- Research Paper
- Open Access
Protective effects of vitamin E against hypercholesterolemia-induced age-related diseases
Genes & Nutrition volume 7, pages91–98(2012)
Hypercholesterolemia is a major risk factor for age-related diseases such as atherosclerosis and Alzheimer’s disease (AD). Changes in human plasma cholesterol levels results from the interaction between multiple genetic and environmental factors. The accumulation of excess cholesterol in blood vessels leads to atherosclerosis. Many studies on this field show that differential expression of oxidative stress-related proteins, lipid metabolism-related enzymes, and receptors response to atherogenic diet. Additionally, excess brain cholesterol has been associated with increased formation and deposition of amyloid-β peptide from amyloid precursor protein which may contribute to the risk and pathogenesis of AD. To consider genetically, more than 50 genes have been reported to influence the risk of late-onset AD. Some of these genes might be also important in cholesterol metabolism and transport. Epidemiological studies have shown an association between high intake and high serum concentrations of antioxidant vitamins like vitamin E and lower rates of ischemic heart diseases. It has been known that vitamin E also inhibits smooth muscle cell proliferation by non-antioxidant mechanism. On the basis of the previous results, vitamin E has been accepted as an important protective factor against hypercholesterolemia-induced age-related diseases.
Biological aging is a process, results in the loss of cellular functions that leads to the development of related neurodegenerative and cardiovascular diseases. Therefore, understanding the mechanisms underlying aging is necessary to develop therapeutic interventions against age-related diseases. Following several studies in many years, oxidative damage is strongly implicated in the pathogenesis of neurodegenerative and cardiovascular diseases including Alzheimer’s disease and atherosclerosis (Squier 2001).
Atherosclerosis, a chronic inflammatory disease which is characterized by the accumulation of plasma lipoproteins that carry cholesterol and triglycerides in the arteries, is one of the major causes of morbidity and mortality worldwide. This accumulation results in the proliferation of certain cell types within the arterial wall (Stocker and Keaney 2004). In the atherosclerotic process, macrophage foam cells are formed with the rapid transformation of phagocytic monocytes penetrated into the subendothelial space and atherogenic lipoproteins like modified low-density lipoprotein (LDL) are uptaken by receptor-mediated endocytosis mechanism (Osterud and Bjorklid 2003; Schmitz and Grandl 2007). Following the endocytosis, these cells have an appearance loaded with lipid droplets rich in cholesteryl esters. These foam cells also known as “fatty streaks” and adaptive thickening of the intima are accepted as the main visible lesions at the early stage of the pathogenesis (Steinberg 2009). Cellular uptake of the atherogenic lipids and lipoproteins are mediated by several receptors, and CD36 takes the most important place in the scavenger receptors playing role in atherosclerotic process (Stocker and Keaney 2004; Schmitz and Grandl 2007).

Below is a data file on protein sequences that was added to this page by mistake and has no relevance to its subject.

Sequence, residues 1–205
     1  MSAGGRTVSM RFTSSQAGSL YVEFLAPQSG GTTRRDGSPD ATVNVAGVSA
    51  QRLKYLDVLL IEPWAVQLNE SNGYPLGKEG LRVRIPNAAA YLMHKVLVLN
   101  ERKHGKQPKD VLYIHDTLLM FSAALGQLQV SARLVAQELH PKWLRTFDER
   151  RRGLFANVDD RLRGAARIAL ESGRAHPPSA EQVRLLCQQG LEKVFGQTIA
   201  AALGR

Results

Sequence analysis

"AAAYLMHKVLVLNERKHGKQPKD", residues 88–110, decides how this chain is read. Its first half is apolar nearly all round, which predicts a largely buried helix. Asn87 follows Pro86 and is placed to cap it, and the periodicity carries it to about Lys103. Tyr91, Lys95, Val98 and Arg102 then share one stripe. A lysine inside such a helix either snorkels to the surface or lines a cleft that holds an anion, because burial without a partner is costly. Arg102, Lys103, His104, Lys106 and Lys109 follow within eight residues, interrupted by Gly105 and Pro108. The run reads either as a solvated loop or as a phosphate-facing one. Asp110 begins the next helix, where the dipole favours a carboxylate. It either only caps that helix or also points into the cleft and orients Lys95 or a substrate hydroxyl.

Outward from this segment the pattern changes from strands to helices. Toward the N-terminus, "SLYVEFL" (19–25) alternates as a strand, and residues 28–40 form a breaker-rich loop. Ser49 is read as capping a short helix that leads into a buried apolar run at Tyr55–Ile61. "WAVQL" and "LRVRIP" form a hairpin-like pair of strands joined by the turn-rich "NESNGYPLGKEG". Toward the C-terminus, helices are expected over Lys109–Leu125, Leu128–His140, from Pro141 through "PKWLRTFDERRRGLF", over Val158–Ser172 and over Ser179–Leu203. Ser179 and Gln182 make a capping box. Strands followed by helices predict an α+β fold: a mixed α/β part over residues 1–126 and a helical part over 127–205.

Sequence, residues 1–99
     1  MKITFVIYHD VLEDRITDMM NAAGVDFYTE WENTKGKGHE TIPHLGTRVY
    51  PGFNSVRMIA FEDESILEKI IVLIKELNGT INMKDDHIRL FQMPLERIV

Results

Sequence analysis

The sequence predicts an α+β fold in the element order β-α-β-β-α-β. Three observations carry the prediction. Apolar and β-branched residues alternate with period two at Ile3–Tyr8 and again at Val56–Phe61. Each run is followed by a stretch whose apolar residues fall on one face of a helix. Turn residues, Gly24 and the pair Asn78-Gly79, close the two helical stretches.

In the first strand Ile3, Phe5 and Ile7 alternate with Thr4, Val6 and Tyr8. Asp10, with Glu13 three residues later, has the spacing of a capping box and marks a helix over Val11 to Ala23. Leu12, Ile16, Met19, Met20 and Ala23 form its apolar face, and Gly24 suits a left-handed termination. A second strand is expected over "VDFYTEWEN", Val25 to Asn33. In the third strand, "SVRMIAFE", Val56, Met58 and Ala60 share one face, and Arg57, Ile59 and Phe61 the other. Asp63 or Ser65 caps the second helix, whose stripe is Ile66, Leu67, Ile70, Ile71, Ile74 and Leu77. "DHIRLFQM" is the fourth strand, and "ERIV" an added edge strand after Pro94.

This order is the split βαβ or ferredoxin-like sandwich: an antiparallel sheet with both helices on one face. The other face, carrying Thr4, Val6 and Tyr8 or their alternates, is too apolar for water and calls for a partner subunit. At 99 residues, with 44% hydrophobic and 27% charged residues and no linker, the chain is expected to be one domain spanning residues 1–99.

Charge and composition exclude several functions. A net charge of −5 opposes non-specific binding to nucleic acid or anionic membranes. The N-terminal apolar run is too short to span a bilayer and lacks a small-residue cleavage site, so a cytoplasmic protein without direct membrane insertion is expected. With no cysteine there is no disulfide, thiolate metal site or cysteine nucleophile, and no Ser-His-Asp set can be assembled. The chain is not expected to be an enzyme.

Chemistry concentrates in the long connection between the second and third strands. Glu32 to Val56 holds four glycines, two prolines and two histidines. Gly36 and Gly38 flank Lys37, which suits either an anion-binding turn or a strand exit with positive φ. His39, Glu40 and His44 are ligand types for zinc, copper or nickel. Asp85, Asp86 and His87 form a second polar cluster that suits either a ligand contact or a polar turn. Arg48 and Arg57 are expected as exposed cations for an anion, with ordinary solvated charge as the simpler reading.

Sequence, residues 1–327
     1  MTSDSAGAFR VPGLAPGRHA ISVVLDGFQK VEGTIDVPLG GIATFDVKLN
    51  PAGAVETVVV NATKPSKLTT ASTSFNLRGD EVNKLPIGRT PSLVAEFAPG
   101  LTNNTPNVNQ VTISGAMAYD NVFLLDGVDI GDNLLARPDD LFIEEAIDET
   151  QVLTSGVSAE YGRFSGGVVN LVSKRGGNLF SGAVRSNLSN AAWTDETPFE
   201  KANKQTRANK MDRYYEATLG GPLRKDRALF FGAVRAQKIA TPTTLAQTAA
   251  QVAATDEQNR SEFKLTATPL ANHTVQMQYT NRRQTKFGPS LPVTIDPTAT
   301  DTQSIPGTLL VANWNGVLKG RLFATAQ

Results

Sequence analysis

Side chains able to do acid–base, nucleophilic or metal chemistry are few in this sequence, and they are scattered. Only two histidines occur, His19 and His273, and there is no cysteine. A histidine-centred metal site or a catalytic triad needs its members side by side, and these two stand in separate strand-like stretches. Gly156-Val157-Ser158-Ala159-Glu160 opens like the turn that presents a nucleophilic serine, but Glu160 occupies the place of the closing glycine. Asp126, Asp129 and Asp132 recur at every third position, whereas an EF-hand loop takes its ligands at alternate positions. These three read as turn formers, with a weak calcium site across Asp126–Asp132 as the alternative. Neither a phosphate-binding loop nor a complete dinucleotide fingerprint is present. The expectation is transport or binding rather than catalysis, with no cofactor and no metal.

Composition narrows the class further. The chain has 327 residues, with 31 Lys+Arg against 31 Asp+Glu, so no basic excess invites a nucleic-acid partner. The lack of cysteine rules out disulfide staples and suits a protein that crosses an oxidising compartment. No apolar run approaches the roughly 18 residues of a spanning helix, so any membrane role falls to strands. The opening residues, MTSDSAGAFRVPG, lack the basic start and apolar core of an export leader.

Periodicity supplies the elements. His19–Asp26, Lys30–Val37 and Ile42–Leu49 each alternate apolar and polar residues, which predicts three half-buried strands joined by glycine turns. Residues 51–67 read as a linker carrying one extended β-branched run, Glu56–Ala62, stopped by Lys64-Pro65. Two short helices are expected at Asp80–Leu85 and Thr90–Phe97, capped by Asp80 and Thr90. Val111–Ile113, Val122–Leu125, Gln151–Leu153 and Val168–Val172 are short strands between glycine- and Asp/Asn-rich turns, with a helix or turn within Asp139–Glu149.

Alzheimer is another important age-related disease, most common form of adult onset dementia. Neuropathology of AD arises from numerous biochemical changes such as cholinergic deficits (Francis et al. 1999); neuronal metabolic insult (glutamate induced excitotoxicity) (Masliah et al. 1996); and oxidative stress or damage such as lipid peroxidation and protein oxidation (Nunomura et al. 2006). AD progression and memory loss involves various cellular anomalies such as: (1) accumulation of extracellular neuritic plaques of amyloid-β peptide (Aβ) (Butterfield et al. 1996); (2) intracellular neurofibrillary tangles (NFTs); (3) proliferation of astrocytes, synaptic loss; and (4) progressive loss of neurons and microglial activation (Markesbery and Lovell 2007; Sultana et al. 2006).
Basic mechanisms in the cholesterol-induced age-related diseases
Denham Harman introduced the free radical theory of aging in 1956 and proposed that aging results from random deleterious damage to tissues by free reactive species (RS) damage cellular components such as proteins, lipids, carbohydrates, and nucleic acids and several products are known to be produced(Nordberg and Arnér 2001). The main investigated products are malondialdehyde (MDA) and 4-hydroxynonenal (HNE) for lipid peroxidation, 8-hydroxydeoxyguanosine for DNA oxidation and protein carbonyls, nitrotyrosines for protein oxidation (Griffiths et al. 2002; Catalgol and Grune 2009).
Lipid peroxidation and LDL oxidation induced by RS are the early events in atherosclerotic lesion formation (Stocker and Keaney 2004; Vogiatzi et al. 2009; Salvayre et al. 2002) Mostly macrophages are thought to be the source of reactive oxygen species (ROS) formation in the vessel wall but also other cells like endothelial, smooth muscle, and adventitial cells produce ROS in the vessel wall (Fortuno et al. 2005). In this direction, ox-LDL modulates atherosclerosis biology by cell damage induction, proliferation of smooth muscle cells, foam cell formation, chemotaxis of leukocytes, and secretion of inflammatory mediators. Since oxidation of LDL is the main oxidative modification, high plasma levels of native LDL is a risk factor for the progression (Stocker and Keaney 2004; Vogiatzi et al. 2009).